Present Truth



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Christ’s Resurrection


The Sadducees had evidently been influencing the Corinthians with their denial of the resurrection, so Paul wrote, “Now if Christ be preached that he rose from the dead, how say some among you that there is no resurrection of the dead? But if there be no resurrection of the dead, then is Christ not risen: And if Christ be not risen, then is our preaching vain, and your faith is also vain. Yea, and we are found false witnesses of God; because we have testified of God that he raised up Christ: whom he raised not up, if so be that the dead rise not. For if the dead rise not, then is not Christ raised: And if Christ be not raised, your faith is vain; ye are yet in your sins. Then they also which are fallen asleep in Christ are perished. If in this life only we have hope in Christ, we are of all men most miserable. But now is Christ risen from the dead, and become the firstfruits of them that slept. For since by man came death, by man came also the resurrection of the dead. For as in Adam all die, even so in Christ shall all be made alive” (1 Corinthians 15:12-22).

Notice Paul’s argument here. He said that if there is no resurrection from the dead, then all those who have fallen asleep in Christ are perished, and we would only have hope in Christ “in this life only.” The resurrection is our only hope of attaining a better life. If there is no resurrection, then our short time on earth is the end of the story for us. We learn from this that those who have fallen asleep in Christ are not alive anywhere. Instead, they are awaiting the resurrection when they will receive their reward. That is why “sleep” is such a perfect term for the condition of those who have died. They are asleep, awaiting the resurrection.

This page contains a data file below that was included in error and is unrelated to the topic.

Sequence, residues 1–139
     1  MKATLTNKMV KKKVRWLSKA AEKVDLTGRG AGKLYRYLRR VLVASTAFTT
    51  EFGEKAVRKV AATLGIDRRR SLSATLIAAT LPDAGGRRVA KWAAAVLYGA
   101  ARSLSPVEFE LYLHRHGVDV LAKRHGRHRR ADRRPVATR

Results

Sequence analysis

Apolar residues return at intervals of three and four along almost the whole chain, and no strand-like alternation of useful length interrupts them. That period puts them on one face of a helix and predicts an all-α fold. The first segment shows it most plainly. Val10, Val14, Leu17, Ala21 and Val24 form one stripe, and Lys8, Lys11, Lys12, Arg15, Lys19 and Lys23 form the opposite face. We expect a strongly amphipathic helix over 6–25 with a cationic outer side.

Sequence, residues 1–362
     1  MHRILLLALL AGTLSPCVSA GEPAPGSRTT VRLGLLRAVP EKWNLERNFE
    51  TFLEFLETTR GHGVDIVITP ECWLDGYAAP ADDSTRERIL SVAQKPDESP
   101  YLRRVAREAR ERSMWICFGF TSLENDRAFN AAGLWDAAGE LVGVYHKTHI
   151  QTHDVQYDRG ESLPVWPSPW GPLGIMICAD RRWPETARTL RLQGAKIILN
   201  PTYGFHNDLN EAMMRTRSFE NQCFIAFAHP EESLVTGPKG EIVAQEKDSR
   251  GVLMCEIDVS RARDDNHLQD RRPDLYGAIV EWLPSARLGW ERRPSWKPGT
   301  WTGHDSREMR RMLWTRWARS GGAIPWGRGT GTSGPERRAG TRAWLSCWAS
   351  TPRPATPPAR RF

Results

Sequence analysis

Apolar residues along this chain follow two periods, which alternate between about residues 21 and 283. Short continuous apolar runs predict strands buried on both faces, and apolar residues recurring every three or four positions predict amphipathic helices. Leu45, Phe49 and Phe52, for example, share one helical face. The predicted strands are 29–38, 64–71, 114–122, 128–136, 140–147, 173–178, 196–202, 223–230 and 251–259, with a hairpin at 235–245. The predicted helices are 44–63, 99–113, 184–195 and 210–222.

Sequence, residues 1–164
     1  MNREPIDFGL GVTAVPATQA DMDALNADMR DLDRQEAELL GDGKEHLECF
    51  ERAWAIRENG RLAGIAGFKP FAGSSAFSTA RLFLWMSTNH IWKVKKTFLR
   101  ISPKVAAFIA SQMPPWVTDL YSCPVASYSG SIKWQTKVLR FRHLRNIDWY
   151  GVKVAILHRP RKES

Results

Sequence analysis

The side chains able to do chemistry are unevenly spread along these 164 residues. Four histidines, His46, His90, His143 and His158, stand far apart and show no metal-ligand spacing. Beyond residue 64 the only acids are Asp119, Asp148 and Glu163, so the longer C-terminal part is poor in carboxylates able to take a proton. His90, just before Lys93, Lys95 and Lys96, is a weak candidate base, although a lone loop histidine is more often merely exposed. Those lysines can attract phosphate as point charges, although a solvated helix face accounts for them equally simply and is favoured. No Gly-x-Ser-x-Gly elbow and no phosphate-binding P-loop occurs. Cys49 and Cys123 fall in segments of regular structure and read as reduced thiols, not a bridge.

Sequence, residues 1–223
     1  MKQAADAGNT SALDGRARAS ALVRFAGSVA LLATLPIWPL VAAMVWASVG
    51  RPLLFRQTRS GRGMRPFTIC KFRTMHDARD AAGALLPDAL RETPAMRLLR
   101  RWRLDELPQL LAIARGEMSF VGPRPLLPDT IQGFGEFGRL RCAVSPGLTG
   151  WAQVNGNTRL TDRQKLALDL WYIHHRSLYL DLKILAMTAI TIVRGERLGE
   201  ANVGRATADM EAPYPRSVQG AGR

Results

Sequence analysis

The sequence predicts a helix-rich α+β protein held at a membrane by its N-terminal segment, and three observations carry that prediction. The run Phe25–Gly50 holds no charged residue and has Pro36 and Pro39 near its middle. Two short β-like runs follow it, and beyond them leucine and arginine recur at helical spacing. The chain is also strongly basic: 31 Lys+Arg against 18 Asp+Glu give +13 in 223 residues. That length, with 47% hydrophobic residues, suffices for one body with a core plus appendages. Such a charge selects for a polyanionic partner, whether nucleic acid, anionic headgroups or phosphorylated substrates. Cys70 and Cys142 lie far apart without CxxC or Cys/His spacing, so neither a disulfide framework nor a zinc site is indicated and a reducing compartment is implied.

The Greek word, αναστασις—anastasis, translated, “resurrection,” itself illustrates this fact, for it means “restored to life.” This Greek word is used twice in the following verse: “Women received their dead raised to life again [αναστασις—anastasis]: and others were tortured, not accepting deliverance; that they might obtain a better resurrection [αναστασις—anastasis]” (Hebrews 11:35). If resurrection is “raising to life again,” then between the time a man dies and the time he is resurrected, he is not alive. The resurrection guarantees that fact. That is how Peter could be so certain that David had not yet gone to heaven, because the presence of his bones in his grave proved that he had not yet been resurrected. When Jesus was resurrected, His body left the grave (Luke 24:22, 23), and He said that He had “not yet ascended to my Father…” (John 20:17).




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